Wednesday, 7 March 2012


There is always something challenging to be found in the Gruaniad, to make you think about the issues of the day.

It's fresh, imaginative and thought-provoking journalism alright: and there's nothing stereotypical about their readership, or the contributions to CiF, oh no.

But somehow we learn that these are desperate times for the dead tree press ...

Suggestion: in important matters like this, start by getting the facts right. Miss Drew had a set of pink Lego bricks 20 years ago.

Ho hum, back to the day job.



Bill Quango MP said...

I saw a Lego 'friends' set yesterday.
Make houses and outdoor living space and swimming pools and a gym etc. Lots of Lego figures with accessories. Plenty of pink bricks in the set.

Its simply another format of the dolls house.

I thought it was a brilliant idea.
Lego has always been male heavy.
{Lego is still a top 10 toy seller.]

Electro-Kevin said...

BQ - Making houses ? Have you ever tried to construct a Lego pitched roof ?

About all we could make as kids were WW2 bunkers - what good would pink be for that ?

Sean said...

I used to load up the Tonka Toy dumpster up all day with pink ones many years ago, Cindy was also taken for a ride too.

Budgie said...

I know that boys and girls are different, because I have my own children. Presumably the Grauniadistas would consider me "sexist", whilst I consider them fools who either do not have children or, if they have, ignore them.

Would I stop my daughters playing with pink lego? - No. Would I make my sons play with pink lego? - No. For crying out loud who gives a toss that girls might play with pink lego? And what does that make the Grauniadistas who do?

Bill Quango MP said...

I too am amazed about this 'sexist' approach to parenting from the ultra left.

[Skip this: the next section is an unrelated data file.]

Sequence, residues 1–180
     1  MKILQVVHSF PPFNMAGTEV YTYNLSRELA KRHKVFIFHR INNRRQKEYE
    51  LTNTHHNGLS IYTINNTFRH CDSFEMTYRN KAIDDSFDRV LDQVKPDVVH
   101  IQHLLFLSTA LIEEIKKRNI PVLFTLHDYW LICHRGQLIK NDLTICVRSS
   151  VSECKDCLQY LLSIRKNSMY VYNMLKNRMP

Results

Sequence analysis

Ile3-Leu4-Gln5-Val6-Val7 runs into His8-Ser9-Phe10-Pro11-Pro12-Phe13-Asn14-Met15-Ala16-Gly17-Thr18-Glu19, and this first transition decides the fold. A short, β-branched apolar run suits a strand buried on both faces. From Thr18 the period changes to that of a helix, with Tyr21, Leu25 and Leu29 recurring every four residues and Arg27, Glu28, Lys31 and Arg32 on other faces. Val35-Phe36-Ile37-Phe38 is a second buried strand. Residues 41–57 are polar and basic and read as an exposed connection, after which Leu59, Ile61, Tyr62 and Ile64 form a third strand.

Miss Quango, age 4, visiting her cousins, who were all boys, found few 'girl' toys to play with. In the end she put an 18 wheeler truck in a blanket and into a kids wheelbarrow and pushed it around as if it were a baby.

Master Quango age 3 uses her wooden,pink dolls house. Only he takes the dolls out and fills it full of cars.

Mark Wadsworth said...

I'm pretty much the world's leading authority on Lego, because I saw that James May programme about it.

Allegedly, when it first started, they said it would be gender neutral, so there were no pink bricks, and no bricks or pieces you could use to make model tanks or model aeroplanes. Very anti-miliarist.

Yeah right, said James May, and showed us how he used to built a fairly decent Lancaster bomber, which looked pretty much like the Lancaster bombers I used to make.

My little girl got some pink bricks a couple of years ago, I didn't realise they'd been out for twenty years or we could have got her some when she was little.

And my little boy has found a web site called Minifigforlife where you can order all manner of helmets, guns, weapons etc to dress up your little Lego figures and re-enact WW2 battles, there are some fantastic stop motion remakes of WW2 films on YouTube.

EK, if you want to make a pitched roof you use the bricks where one side is diagonal, that makes the perfect pitched roof, they even had those when I was little (when Lego was still a relatively new invention).

Nick Drew said...

yup: pink - and a very fetching shade of pale mint green ...

Nick Drew said...

I'm pretty much the world's leading authority on Lego ... if you want to make a pitched roof ...

you really are into bricks & mortar, aren't you Mark ?

dearieme said...

I rather liked Meccano. I don't rememer pink bits.

P.S. For the girs, shouldn't Lego also do sparkly parts?

James Higham said...

Pink lego bricks - that's a great idea and the girls should love it.